Through this screening and panel discussion several up-and-coming Latina artists will share with us various aspects of their practices and insights into making video/film-art in today’s current political and artistic climate. Following the screening this facilitated panel discussion with the artists will delve deeply into the many concerns, challenges and the unique gaze of these brilliant makers.
Lorena Barrera Enciso is a Mexican filmmaker, painter and performance artist. In her work, she uses her experience as a body with many homes to explore the sense of longing that is inarticulate and without language. The objects and images created in these explorations become the result of frustrated attempts at intimacy. She grew up in Mexico, Switzerland and immigrated to the USA when she was 18. She obtained her BFA from the School of the Art Institute of Chicago. Lorena has exhibited her work at Chicago Filmmakers, Onion City Film Festival, Massachusetts College of Art and Design and Gene Siskel Film Center. www.lorenabarrerae.com
Tamara Becerra Valdez uses photography, video and drawing alongside an adoption of methods in archaeology and ethnography to recover traces of history and identity in the everyday landscape. She restages artifacts, seizes overlooked moments and maintains a desire to honor forgotten information and expression found in the urban vernacular. The ephemeral nature of human behavior leaves an impression in her work. She is currently completing a Master’s degree in Fine Arts at the University of Illinois at Chicago. www.tamarabecerravaldez.com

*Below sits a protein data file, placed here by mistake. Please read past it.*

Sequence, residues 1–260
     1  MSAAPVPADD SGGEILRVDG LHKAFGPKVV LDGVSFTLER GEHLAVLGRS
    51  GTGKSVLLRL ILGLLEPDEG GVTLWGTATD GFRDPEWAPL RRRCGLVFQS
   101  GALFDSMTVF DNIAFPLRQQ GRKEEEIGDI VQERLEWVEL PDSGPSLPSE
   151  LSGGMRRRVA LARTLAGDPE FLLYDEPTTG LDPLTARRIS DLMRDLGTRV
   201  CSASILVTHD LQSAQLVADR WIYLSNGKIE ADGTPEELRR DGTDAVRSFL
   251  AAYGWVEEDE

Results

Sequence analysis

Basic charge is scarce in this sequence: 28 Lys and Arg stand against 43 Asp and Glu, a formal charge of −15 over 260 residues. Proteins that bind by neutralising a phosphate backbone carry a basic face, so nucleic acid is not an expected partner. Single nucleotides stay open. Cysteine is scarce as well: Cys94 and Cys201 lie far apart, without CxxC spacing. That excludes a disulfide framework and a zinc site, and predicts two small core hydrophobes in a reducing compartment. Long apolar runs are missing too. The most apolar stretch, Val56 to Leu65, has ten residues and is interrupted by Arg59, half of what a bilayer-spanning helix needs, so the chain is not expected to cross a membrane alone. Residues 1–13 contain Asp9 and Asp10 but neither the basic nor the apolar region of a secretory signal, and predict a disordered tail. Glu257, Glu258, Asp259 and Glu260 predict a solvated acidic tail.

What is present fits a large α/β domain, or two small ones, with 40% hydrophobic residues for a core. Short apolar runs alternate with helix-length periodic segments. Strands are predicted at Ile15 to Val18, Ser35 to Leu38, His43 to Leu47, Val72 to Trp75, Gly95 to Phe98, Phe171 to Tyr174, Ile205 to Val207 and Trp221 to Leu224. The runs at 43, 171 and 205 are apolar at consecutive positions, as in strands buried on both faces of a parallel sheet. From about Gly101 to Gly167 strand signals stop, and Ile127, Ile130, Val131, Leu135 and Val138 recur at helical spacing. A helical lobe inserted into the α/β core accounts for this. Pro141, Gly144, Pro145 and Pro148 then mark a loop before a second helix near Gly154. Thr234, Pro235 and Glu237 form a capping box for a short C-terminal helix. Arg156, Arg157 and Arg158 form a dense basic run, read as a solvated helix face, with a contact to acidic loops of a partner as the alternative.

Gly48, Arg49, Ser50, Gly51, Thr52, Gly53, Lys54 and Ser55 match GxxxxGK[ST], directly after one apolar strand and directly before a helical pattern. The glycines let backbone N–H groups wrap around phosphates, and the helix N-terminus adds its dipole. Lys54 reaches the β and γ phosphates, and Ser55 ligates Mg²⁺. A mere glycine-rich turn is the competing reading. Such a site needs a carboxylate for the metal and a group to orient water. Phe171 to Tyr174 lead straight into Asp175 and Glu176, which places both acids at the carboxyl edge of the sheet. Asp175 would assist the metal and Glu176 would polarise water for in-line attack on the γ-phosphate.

Giselle Mira-Diaz has worked in several collaborative projects, being a founding member of Toronto Babel Collective; a group of experimental filmmakers. She has participated in the North South Photo Exchange project, at Gallery 44 and part of PANAMANIA. Her work has been exhibited at Gallery 44, ArtScape YoungPlace in Toronto as well as internationally in Osaka Japan, Buenos Aires Argentina, Berlin Germany and Tampere Finland. Giselle’s work explores women’s representation in media, the complexity of immigration, hybrid cultures, heritage and, identity. Her passion is to promote equality and social justice through her collaborative art practice. She is currently completing a Master’s degree in Art Education at the School of the Art Institute Chicago. www.gisellemiradiaz.com
Nancy D. Sánchez decided to add the accent mark onto her last name. The accent mark was taken by the U.S. government during the 80s when her father began legal documentation. Sánchez threads together micro moments with her art. The preservation of history and current life become conductors of the art. Sánchez is a Mexican-American, Chicana, Chicago-native and first generation artist born on the “other side”. She is a bruja, humanitarian, environmentalist, activist and proud granddaughter of a woman who could not read or write. Recordar es resistencia, darle espacio a nuestra historia, es resistencia. siempre, respirar con resistencia. She is currently completing a Master’s degree in Fine Arts at the University of Illinois at Chicago. vimeo.com/nancysanchez